Julie Eng, daughter of magician, Tony Eng didn’t expect the Victoria Chinatown Museum Society to contact her to make an exhibit about her father.
But almost nine months later (Dec. 7) the exhibit is open to the public at the Canadian Chinese Museum in Victoria.
“My mother had just made some moves to sell the house. She has lived there for 50 years and so we had this cellar that had been sealed up for 15 years since my father passed away in 2008,” said Eng. “So, I opened it up with my mom and my sister. We went through it and it was hard to believe that so much stuff had been left there exactly as it was when my dad first passed away.”
Born on 1946 and raised in Victoria, Tony Eng’s fascination with magic began at the age of eight when he received his first magic kit and then started performing magic shows at age 12. He became a fan favourite when he performed every Sunday at Japanese Village for two decades.
Embracing his Chinese-Canadian heritage, the magician created a distinctive show called, Mysteries of the Orient which is performed in an embroidered mandarin’s robe. His skill and talent made him renowned in the Canadian magic circle where he was known as the Ambassador of Magic.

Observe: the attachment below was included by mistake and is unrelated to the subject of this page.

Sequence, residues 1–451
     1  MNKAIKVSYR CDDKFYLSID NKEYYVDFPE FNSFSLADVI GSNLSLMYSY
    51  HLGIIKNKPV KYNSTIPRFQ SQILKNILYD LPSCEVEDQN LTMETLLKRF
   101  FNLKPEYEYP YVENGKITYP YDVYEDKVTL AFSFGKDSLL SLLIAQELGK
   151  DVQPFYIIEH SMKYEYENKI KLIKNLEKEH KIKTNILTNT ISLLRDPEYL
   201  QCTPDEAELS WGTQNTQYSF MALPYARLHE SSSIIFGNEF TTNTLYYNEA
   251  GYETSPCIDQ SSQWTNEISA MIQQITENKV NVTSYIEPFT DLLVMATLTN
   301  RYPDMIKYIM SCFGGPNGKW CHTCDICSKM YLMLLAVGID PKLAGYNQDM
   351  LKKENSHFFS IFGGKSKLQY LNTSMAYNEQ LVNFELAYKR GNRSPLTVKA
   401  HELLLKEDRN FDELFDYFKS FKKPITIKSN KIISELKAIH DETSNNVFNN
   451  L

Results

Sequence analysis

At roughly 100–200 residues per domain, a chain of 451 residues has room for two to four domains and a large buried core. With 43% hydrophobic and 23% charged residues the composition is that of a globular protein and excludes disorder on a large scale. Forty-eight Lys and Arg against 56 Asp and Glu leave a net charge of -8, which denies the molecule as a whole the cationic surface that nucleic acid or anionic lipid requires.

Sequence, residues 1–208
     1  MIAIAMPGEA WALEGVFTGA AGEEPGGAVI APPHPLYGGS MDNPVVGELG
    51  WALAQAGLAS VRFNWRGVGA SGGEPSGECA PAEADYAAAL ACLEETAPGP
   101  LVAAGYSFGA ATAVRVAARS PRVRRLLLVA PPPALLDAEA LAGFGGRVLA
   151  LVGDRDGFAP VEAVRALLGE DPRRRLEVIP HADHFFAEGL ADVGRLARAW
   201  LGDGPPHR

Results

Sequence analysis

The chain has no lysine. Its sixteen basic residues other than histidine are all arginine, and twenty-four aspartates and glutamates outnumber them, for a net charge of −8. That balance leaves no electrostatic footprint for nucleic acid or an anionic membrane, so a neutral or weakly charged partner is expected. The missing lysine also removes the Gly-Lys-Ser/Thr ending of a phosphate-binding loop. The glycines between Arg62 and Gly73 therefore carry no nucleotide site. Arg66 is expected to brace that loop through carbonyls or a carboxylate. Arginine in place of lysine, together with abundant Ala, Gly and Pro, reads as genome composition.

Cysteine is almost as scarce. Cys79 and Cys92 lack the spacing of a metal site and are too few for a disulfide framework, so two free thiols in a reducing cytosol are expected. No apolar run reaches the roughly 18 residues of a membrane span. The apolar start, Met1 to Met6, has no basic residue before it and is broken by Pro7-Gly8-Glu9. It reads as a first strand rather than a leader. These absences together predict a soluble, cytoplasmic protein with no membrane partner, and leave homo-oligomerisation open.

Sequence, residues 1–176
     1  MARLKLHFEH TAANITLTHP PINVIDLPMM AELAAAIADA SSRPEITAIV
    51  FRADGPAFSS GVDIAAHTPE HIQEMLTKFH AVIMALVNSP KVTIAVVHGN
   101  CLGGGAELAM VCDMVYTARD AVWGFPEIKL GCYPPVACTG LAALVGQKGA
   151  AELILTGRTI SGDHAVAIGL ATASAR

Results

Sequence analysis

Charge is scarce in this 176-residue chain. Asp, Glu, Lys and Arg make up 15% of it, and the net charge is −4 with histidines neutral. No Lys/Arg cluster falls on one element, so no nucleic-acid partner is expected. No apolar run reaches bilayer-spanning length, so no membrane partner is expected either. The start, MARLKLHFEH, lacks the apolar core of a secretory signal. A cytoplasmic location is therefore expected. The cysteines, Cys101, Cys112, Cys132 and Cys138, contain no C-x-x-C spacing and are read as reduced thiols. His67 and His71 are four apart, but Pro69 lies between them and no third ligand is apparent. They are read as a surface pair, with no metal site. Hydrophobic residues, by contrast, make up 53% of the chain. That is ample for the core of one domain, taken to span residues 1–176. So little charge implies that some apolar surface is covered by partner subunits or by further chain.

Tony Eng’s entrepreneurial skills enabled him to run a successful wholesale business and establish the Premier School of Bartending. He also started up his own Tony’s Trick & Joke Shop in Victoria which was a fantasy emporium of wizardry and gadgetry where he inspired and mentored many young up-and-coming magicians for years.
“I think it’s always so wonderful to hear stories of a significant individual within the Chinese-Canadian community,” said Grace Wong, board chair of the Chinese-Canadian Museum. “Tony Eng was a magician so beloved by the community and was really a legend.”
Growing up it became normal for Eng to see her father’s straight jackets on the back of dining room chairs or swords at the end of the stairs on the brawley bass. Now 15 years after her father’s passing she thinks about him through a different lens.
“Being able to go back and know all that stuff as an adult, to see how hard he worked, how often he worked, the range of work he did, where he was, and finding old artifacts I had forgotten about, but it was all there exactly as we left it. So it was really nice to have this opportunity to bring it out, polish it, and bring it new life,” said Eng.